Remember: This is the desert and air during mid day, especially during the summer months, can be challenging. Less experienced pilots should stick to the early AM or late PM outside the late fall and winter months. Laminar air is almost always present late in the day and dreamboat soaring in the Franklins occurs at that time. Thermals can be gigantic and sharp-edged here, as in the Owens Valley. Always check the weather or with us before flying.
LZs are abundant to the west, and if one heads out from about the altitude of launch, it's easy to make it to the edge of the housing developments just north of Hornedo Middle school. The best plan is to fly with someone and leave a vehicle near the LZ, but Uber is also easy; hike the short distance to the new subdivision just west of the boundary and pay ~ $18 for a ride back to your car.
The Park authorities have graciously permitted us to land anywhere in FMSP including on Park roads, but from Nelson’s there are no paved roads within the FMSP boundaries.
DO NOT land west of the FMSP boundary! That is within the City of El Paso, and there is an ordinance prohibiting landing any aircraft within city limits unless it is at a recognized airport or an emergency. Land in the flat, benign desert just to the east of the developments. Watch for Ocotillo and Spanish Dagger. There is an old jeep trail just east of the houses that works better than open desert.
If you land just before or after sunset, be cautious of the katabatic flow that comes down the mountains. It can be just 20' thick going west and the air just above it can be moving east = do NOT land near the mountains if it is late in the day but land on a high spot out in front of the Park. Be sure to personally check out the LZ's before using them.
Going over the Back
If you go over the back of the range, head northeast or you will fly into the controlled airspace (Class C) of El Paso International Airport that begins at the north/south Patriot Freeway (Hwy 54). The moment you sense you are going backwards even with full bar, get as high in lift as you can and then once you start descending again (after you are downwind of the range), turn downwind and fly at best glide (use your vario and know your wing to determine the ideal amount of bar or brake for the conditions). If you can, stay out of the controlled airspace. Land anywhere safe as far away as possible from the mountains. Your ground crew or other pilots will call the airport if you must land in controlled airspace and notify them of the emergency so don't worry about that – just land safely. However, this event will never occur if you check winds aloft BEFORE flying!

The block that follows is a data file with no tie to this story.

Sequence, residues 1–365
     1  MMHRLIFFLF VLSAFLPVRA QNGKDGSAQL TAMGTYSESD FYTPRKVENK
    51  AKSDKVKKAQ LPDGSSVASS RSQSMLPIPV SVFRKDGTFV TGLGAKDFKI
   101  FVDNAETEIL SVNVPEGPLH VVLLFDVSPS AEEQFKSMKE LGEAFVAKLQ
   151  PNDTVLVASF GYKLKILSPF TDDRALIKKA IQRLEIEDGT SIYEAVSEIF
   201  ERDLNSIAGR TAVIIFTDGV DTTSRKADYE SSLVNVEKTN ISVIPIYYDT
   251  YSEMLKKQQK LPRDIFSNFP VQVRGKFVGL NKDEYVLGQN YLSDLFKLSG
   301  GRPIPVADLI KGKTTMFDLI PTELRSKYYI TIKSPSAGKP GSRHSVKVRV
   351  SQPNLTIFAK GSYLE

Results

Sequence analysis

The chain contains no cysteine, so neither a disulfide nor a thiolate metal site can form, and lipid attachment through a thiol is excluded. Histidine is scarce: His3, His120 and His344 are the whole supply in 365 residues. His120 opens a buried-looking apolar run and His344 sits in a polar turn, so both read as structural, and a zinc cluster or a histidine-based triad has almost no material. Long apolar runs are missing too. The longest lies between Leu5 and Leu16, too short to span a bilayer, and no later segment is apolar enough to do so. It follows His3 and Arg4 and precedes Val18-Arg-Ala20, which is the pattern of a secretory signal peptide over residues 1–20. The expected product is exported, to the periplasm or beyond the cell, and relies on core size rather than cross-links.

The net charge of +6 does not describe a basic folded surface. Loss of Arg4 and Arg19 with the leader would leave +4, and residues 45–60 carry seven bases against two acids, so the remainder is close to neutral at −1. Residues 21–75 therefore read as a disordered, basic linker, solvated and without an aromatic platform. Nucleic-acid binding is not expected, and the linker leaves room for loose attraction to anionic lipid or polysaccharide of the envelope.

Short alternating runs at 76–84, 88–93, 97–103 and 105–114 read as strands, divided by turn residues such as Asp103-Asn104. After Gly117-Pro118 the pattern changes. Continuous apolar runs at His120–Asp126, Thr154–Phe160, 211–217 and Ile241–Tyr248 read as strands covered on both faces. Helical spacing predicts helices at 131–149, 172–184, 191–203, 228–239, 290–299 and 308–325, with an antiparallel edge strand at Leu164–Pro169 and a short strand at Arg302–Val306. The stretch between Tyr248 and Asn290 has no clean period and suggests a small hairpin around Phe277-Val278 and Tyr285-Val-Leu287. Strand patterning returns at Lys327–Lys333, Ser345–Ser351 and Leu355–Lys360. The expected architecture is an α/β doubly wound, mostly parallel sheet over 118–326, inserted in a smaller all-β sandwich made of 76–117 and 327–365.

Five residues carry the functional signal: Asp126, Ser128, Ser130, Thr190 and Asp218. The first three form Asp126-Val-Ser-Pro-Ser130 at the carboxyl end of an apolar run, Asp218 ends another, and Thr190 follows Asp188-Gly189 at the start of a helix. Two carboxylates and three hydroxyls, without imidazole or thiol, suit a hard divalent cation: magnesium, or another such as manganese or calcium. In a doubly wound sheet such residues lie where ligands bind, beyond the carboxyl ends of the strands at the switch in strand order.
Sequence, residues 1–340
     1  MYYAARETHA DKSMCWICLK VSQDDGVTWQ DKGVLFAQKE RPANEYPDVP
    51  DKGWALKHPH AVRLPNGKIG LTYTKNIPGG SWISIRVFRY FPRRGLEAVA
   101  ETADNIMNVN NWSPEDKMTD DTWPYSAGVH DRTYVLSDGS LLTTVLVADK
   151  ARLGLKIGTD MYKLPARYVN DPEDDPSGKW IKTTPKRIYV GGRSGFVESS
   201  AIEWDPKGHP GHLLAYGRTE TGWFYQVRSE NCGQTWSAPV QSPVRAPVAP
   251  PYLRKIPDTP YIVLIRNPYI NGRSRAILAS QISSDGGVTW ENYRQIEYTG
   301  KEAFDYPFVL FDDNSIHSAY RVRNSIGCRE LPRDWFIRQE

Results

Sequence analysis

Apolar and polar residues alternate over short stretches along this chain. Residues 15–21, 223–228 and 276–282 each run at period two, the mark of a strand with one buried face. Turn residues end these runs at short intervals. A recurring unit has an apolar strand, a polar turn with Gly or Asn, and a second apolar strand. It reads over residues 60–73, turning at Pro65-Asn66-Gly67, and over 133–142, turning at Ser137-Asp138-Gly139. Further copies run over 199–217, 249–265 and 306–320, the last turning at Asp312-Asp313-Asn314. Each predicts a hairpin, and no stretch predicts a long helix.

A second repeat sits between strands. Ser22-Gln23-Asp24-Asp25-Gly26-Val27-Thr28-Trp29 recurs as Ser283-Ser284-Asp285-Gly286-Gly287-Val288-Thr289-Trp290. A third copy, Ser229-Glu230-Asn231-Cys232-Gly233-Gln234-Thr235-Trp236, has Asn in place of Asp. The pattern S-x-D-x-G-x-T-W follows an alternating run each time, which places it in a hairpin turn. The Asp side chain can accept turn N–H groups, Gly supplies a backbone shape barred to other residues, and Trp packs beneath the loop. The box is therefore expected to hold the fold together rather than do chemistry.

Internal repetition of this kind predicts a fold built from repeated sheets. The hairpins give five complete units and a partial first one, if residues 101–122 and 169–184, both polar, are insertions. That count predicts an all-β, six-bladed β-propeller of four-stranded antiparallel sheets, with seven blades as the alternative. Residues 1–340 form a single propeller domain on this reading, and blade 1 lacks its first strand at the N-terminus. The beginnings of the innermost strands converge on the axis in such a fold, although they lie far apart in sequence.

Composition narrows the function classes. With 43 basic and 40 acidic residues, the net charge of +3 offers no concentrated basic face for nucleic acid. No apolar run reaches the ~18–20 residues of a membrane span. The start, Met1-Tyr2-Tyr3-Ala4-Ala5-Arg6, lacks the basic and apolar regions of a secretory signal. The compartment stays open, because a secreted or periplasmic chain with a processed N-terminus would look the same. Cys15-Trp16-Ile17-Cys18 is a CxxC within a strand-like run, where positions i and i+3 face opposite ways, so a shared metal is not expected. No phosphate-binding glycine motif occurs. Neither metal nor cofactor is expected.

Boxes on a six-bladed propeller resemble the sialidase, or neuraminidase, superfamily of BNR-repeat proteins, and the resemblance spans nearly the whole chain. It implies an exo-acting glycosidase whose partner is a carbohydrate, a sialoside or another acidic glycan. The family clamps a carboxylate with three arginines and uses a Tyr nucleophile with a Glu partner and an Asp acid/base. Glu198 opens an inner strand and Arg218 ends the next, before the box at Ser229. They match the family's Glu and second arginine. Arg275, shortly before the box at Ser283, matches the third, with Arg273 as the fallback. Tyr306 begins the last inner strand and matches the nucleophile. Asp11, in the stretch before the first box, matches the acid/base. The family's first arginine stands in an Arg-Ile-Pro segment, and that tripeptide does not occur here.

You will not enjoy flying the Franklins if winds aloft are faster than your glider's top speed. Katabatic flow down the mountains begins at dusk and makes landing more difficult as the pilot will be landing in a weak downwind = higher ground speed with the possibility of air just above going the opposite direction. Be READY for this if you plan to fly late. This daily flow is often strong enough to overcome the prevailing wind. This means that the pilot will find himself flying in air going the opposite direction as he descends below about 300' AGL. Above this altitude, the winds may still be strong enough to keep the pilot in ridge lift. When it doubt, fly to, and then land a mile or two west of the mountains as the katabatic flow will be much weaker there.
Pilots must have a current USHPA membership and register in order to fly in Franklin Mountains State Park. Record your USHPA number on the entrance form.